16 December 2012
Introit hymn 56
O come, O come, Emmanuel [stanzas 5–6]
see I. Sunday of Advent
Canticle The First Song of Isaiah
Sing the praises of the Lord.
Sequence hymn 59
‘Hark! a thrilling voice is sounding’
[Vox clara ecce intonat]
tr. Hymns Ancient and Modern, 1861
Wm. Henry Monk
¶ Historically appointed for Lauds in Advent
‘Rejoice in the Lord always’
‘On Jordan’s bank the Baptist’s cry’
[Jordanis oras praevia]
tr. Chas. Winfred Douglas
Communion hymns 679, 640
‘Surely, it is God who saves me’
The First Song of Isaiah [Isaiah 12.2–6]
para. Carl P. Daw, Jr.
Ray W. Urwin
‘Watchman, tell us of the night’
Postcommunion hymn 74
‘Blest be the King whose coming’
[Bendito el Rey que viene]
Federico F. Pagura
tr. F. Pratt Green
‘Valet will ich dir geben’
mel. Melchior Teschner
Sunday’s Gospel, again about John the Baptizer, sounds an even stronger call to repentance (‘you brood of vipers!’). Our culture seems to be steeled against repentance, however. When errors are made, we look for scapegoats. When sins are committed, we ask whether others wouldn’t have done the same. When serious crimes are perpetrated, at least some will ask whether experiences in childhood or mental deviations could be used to justify the crime. Perhaps we need a poet who can speak for himself, and maybe in elevated words, for us as well. Perhaps another can say it, if we can’t admit it ourselves. Let’s listen to the sinners who confess for us, before John and others, and see if we too can place their words on our lips. God is listening.
The Introit hymn, ‘O come, O come, Emmanuel’, from which we sing stanzas 5 and 6 this week, asks the coming Lord, the Key of David, the Dayspring from on high, to disperse the darkness of our own making, the shadows in which we hide from the righteousness that overwhelms us.
The Sequence hymn, ‘Hark! a thrilling voice is sounding’, is another Latin hymn, just to prove that the ancients considered it sensible to repent long before we considered it. ‘Cast away the works of darkness’, it summons us, ‘from earth’s bondage let us rise’. ‘Let us hasten with tears of sorrow, one and all to be forgiven’. These words of an ancient poet knew what we know in our heart of hearts. Behind the trappings of the Christmas Muzak in our department stores, there are burdens that need to be lifted, burdens heavier than the biggest Christmas package you could imagine.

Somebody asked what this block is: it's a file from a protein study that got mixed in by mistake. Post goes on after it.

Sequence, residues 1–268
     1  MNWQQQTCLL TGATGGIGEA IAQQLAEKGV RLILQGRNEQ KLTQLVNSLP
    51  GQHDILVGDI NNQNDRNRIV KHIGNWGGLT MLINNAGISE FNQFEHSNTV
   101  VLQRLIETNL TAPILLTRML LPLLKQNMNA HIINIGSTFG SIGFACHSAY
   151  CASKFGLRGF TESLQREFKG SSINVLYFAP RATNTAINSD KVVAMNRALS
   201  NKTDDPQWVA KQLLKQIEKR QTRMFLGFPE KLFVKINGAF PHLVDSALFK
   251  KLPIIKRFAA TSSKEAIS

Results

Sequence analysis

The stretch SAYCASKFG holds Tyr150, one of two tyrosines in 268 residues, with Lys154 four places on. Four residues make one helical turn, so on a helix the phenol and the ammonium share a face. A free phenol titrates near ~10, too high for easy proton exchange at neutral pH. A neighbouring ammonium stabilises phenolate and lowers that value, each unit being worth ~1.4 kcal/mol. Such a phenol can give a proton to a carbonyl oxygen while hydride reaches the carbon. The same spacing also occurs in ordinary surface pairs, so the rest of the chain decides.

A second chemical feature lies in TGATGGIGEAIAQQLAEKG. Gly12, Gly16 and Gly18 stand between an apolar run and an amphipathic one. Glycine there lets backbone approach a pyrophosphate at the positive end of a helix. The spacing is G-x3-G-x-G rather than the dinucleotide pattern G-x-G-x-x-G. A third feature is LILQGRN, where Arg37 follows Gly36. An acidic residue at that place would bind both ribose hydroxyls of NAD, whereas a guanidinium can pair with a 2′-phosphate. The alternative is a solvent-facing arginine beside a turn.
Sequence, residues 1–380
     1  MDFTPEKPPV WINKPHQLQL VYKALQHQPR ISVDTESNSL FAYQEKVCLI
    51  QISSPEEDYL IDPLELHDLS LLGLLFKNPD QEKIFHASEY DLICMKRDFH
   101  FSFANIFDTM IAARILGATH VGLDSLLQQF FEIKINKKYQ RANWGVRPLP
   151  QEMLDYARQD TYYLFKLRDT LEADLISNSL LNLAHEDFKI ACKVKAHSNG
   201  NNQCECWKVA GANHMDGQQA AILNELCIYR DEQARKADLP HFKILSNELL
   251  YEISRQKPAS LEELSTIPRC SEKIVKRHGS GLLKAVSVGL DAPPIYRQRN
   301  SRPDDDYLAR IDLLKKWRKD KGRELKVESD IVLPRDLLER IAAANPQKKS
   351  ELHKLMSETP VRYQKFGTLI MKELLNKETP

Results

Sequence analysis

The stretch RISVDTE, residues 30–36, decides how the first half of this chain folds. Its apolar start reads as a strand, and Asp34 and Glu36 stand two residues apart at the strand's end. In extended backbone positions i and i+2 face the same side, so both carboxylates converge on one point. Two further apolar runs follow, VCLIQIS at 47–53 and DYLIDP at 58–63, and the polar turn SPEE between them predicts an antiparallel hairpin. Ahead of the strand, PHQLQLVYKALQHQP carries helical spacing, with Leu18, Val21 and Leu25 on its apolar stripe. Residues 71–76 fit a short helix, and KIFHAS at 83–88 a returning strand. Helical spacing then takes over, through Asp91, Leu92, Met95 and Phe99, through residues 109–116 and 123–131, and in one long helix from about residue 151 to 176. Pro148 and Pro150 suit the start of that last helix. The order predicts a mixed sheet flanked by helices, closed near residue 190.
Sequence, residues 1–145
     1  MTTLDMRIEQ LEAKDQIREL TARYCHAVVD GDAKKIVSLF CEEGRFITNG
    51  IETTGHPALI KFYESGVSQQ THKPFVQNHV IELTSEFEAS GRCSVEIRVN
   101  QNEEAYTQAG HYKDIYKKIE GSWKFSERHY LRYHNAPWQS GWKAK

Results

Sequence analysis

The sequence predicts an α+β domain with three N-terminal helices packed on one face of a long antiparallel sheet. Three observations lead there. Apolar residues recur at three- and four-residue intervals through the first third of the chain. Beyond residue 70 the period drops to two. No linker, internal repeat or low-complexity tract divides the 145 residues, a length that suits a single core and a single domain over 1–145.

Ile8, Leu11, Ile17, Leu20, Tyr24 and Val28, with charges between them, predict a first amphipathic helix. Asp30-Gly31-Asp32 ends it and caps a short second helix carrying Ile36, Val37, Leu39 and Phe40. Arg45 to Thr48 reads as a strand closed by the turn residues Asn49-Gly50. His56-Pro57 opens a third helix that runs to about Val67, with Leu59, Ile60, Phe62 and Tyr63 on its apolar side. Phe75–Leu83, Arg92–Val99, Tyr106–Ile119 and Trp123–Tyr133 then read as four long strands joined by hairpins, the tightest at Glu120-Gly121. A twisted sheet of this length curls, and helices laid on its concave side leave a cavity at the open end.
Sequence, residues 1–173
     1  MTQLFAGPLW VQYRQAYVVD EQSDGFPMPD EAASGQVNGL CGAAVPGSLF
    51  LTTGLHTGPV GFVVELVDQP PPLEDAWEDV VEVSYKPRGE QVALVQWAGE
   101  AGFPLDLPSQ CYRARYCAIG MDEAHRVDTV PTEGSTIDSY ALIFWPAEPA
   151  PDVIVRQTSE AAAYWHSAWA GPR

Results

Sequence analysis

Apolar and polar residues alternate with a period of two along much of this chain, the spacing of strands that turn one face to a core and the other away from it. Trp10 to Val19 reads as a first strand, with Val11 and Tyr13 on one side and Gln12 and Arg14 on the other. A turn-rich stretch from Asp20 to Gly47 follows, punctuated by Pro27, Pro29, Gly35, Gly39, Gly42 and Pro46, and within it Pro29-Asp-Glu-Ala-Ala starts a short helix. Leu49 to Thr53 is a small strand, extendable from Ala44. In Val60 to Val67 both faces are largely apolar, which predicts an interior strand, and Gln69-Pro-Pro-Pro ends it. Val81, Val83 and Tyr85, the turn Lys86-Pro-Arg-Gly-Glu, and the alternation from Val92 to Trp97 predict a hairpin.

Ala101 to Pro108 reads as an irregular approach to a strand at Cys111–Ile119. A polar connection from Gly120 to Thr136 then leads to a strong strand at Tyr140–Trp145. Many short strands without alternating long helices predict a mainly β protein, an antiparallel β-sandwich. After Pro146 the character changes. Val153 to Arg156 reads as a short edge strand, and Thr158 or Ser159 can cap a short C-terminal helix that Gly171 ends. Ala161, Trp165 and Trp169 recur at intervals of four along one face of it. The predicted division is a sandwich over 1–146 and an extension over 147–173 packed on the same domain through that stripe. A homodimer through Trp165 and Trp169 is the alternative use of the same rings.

The contemporary poet Carl Daw paraphrases today’s Old Testament Canticle in the first Communion hymn, ‘Surely it is God who saves us’. Just as did Isaiah before, Daw encourages us to seek the future, to claim the promise, to forget all fear, because among us, even in our sin, dwells the holy one of Israel. (Isaiah 12)
In the Postcommunion hymn, ‘Blest be the King whose coming’, we who have begun to muster some words of repentance at our poets’ encouragment, now sing more boldly, ‘He offers to the burdened the rest and grace they need’. The poet who writes this text, Federico Pagura, is a Methodist bishop emeritus in Argentina and a famous civil rights activist. Additionally, interested in hymn texts, he translated 77 hymns into Spanish, and wrote five of his own, of which this is one. One can note in Pagura’s words his compassion for the marginalized as we writes that the King comes ‘not robed in royal splendor…, but clad as are the poorest, such his humility’.
Our words on this day seek expression not only in anguish that we secretly feel over our failures, but in the disappointment we know for allowing the disenfranchized to struggle for hope without us. The Advent season, long before we sing, ‘O come let us adore him’, invites us to make such matters right.